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With the start of football season, it's about the game.
Pro Football Hall of Famer and Cleveland Browns legend Jim Brown understands that.
Brown commented recently on jobless quarterback Colin Kaepernick's activist activity in the past year.
Kaepernick started the trend of players kneeling during the national anthem last season when he played for the San Francisco 49ers as a way to protest what he claimed was increasing police brutality against minorities.
Brown agrees with Kaepernick's claim. But he thinks Kaepernick didn't think his response through.
"I'm an American," Brown says. "I don't desecrate my flag and my national anthem."
Brown also noted: "Colin has to make up his mind whether he's truly an activist or he's a football player. Football is commercial. You have owners. You have fans. And you want to honor that if you're making (the) kind of money, (the millions of dollars team owners are paying players to play).
"You have to understand there's intelligence that's involved, OK? I can't be two things at once that contradict each other. If I sign for money, then the people I sign with, they have rules and regulations."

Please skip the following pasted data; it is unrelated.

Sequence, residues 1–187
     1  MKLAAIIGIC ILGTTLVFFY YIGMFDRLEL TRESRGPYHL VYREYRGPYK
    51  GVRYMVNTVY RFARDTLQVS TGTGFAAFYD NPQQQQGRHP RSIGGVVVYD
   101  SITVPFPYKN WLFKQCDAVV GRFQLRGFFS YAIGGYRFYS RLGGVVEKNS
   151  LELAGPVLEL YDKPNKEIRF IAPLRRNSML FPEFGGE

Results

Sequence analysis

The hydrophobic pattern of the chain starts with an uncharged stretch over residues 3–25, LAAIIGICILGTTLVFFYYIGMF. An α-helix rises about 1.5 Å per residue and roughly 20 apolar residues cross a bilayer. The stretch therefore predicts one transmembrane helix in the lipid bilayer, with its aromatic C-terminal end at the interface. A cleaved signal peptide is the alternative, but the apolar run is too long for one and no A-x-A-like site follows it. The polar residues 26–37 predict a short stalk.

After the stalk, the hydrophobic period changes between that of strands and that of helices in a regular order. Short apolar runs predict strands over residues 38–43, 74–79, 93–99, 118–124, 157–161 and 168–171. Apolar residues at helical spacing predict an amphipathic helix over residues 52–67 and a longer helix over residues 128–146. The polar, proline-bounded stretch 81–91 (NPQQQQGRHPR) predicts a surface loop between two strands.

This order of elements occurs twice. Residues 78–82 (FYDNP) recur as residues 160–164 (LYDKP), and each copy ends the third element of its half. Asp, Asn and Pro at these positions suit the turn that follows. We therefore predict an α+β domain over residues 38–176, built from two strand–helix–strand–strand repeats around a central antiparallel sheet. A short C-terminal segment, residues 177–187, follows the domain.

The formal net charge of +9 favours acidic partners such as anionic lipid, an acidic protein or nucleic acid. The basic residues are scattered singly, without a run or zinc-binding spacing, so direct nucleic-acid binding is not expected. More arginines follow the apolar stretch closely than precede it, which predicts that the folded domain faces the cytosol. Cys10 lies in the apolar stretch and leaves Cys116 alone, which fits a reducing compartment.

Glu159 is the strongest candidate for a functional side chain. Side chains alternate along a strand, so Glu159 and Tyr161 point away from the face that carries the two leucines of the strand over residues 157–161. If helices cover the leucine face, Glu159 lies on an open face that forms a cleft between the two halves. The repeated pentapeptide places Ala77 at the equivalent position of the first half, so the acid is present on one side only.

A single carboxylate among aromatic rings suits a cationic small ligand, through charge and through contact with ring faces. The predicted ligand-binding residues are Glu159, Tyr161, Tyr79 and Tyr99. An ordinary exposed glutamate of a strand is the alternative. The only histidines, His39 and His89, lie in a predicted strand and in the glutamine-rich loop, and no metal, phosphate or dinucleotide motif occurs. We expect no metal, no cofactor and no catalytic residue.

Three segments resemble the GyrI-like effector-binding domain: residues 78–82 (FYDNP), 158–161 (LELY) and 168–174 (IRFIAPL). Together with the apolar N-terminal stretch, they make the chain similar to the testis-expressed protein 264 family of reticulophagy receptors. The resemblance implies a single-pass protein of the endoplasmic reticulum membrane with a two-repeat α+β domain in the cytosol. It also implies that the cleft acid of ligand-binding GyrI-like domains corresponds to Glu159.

That's not to say that Kaepernick's and Brown's claims of police brutality should be disregarded. But the nation that flies the flag that Brown and others salute and stands for the national anthem also has rules and regulations for investigating and taking appropriate action when applicable.
The venue for those complaints is city halls across the nation. Police answer to city and elected officials, who represent the people and conduct their business. If they aren't doing their job, then they should be removed from office, and there is a process to do that. That process requires work, much more time and effort than taking a knee. But, it also is more effective.
Kaepernick and all of the other players who took a knee would be working toward a solution if they went to the people in charge of the police.
Imagine the effect if the dozen Cleveland Brown players who took a knee recently showed up at Cleveland's city hall when the council met instead — not to disrupt, but to discuss their concerns with the elected officials.
That's the way to get results.